More than 15 per cent of motor accidents in Armidale involve collisions with animals, according to the latest AAMI Crash Index.
Over a 12-month period, 36 accidents in the Armidale district were as a result of animal collisions. Animals account for only 0.54 per cent of Sydney claims, and the New England average is 36.66 per cent.
At 40.35 per cent the most prevalent cause of accidents in Armidale was hitting stationery objects such as trees or road barriers.
Bringing up the rear of reasons was nose-to-tail (9.65 per cent), collision while reversing (13.60 per cent) and failed to give way, 17.54 per cent.
The statistics reflect the very different driving conditions faced by country and city motorists, with the ranking of accident reasons pretty much reversed.
Nose-to-tail accounted for most of Sydney’s motor accidents at 37.3 per cent, followed by failed to give-way at 29.10 per cent.
The data comes from accident insurance claims across the country from August 2015 to August 2016, with 288 motor accidents attributed to the 2350 postcode in that period.
While the statistics for New England as a whole were slightly more ‘citified’ than those for Armidale alone, AAMI spokesperson Jake Krausmann had some advice for drivers forced to dodge kangaroos, pigs, deer and other animals on a daily basis.
“Unfortunately these types of accidents continue to be common occurrences on our roads, despite many of them being avoidable,” Mr Krausmann said.
“New England drivers should keep a lookout for wildlife on the road, particularly when they drive near national parks and forests.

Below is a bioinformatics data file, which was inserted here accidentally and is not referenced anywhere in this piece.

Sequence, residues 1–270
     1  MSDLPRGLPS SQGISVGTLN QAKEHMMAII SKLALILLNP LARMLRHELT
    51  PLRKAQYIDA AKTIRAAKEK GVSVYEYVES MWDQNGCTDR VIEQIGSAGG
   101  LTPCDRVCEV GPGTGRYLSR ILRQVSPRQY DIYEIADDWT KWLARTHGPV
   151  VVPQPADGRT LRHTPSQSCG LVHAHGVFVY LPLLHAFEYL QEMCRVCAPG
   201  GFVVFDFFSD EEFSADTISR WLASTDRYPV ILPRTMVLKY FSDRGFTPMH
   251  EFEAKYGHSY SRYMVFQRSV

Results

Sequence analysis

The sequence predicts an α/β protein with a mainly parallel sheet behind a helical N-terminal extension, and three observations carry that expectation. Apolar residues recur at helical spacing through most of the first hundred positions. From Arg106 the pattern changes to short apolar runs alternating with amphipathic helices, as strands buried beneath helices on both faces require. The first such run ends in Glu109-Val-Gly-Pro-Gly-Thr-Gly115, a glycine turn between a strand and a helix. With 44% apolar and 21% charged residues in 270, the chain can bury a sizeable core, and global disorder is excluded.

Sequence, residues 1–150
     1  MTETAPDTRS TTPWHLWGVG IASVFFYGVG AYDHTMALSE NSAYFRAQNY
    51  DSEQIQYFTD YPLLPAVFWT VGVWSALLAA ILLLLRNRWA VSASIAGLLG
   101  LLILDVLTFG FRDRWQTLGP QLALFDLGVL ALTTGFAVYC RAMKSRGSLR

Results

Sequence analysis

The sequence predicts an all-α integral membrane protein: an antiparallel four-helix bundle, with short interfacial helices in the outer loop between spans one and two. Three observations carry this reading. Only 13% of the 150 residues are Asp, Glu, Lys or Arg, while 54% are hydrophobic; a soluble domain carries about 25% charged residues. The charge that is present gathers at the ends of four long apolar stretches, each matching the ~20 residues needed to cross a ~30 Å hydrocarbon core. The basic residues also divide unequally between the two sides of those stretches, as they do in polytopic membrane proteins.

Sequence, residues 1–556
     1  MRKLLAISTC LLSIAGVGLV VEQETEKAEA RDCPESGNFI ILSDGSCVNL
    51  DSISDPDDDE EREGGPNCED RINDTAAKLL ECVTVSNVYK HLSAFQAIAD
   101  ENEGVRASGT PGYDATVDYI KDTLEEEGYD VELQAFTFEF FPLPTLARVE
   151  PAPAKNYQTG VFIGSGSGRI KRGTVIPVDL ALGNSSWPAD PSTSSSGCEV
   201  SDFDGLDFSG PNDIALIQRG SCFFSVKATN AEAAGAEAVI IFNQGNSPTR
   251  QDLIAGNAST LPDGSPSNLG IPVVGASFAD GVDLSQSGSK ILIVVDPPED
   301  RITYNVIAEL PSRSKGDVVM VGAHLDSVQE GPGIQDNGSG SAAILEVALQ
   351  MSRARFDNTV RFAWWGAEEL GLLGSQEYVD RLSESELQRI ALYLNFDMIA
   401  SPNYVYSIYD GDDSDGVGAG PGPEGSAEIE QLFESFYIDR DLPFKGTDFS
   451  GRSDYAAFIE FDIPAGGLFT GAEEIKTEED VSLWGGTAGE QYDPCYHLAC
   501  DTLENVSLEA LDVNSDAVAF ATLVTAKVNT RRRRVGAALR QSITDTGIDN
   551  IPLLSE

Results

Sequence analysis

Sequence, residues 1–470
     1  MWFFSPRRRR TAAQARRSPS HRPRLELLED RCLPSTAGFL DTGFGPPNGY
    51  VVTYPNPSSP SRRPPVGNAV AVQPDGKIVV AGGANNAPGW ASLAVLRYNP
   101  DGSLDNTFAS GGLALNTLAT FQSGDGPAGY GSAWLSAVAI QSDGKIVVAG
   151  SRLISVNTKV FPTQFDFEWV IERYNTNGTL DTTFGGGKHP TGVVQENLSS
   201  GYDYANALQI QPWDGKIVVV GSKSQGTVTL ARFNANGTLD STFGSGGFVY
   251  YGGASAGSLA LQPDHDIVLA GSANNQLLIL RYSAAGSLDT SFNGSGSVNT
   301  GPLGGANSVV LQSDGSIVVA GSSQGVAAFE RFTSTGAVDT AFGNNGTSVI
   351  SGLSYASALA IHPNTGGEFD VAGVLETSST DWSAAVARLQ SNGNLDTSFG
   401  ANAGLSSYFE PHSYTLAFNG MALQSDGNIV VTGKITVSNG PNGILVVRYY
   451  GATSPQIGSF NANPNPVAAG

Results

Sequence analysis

“Wildlife is unpredictable and can appear out of nowhere, so it’s important to slow down and be aware of your environment, particularly inside sign-posted wildlife areas.
“Drivers should also focus their attention to being aware of their surroundings given one in four collided with a stationary object, such as parked cars, trees and road barriers.”
From a national perspective, nearly four out of five (79.2 per cent) accident insurance claims occurred within 25 kilometres of the driver’s house.
“Regardless of how familiar a driver is with their local roads, it doesn’t dilute the importance of safe driving behaviours,” Mr Krausmann said.
As part of the AAMI Crash Index, AAMI surveyed 4,090 drivers from across the country and discovered while only one in five motorists consider themselves to be an impatient driver, nearly 60 per cent admitted to exceeding the speed limit some of the time.
“With nearly one in three attributing their speed to taking their eye off the speed limit, it reinforces that concentration is key for all drivers,” Mr Krausmann said.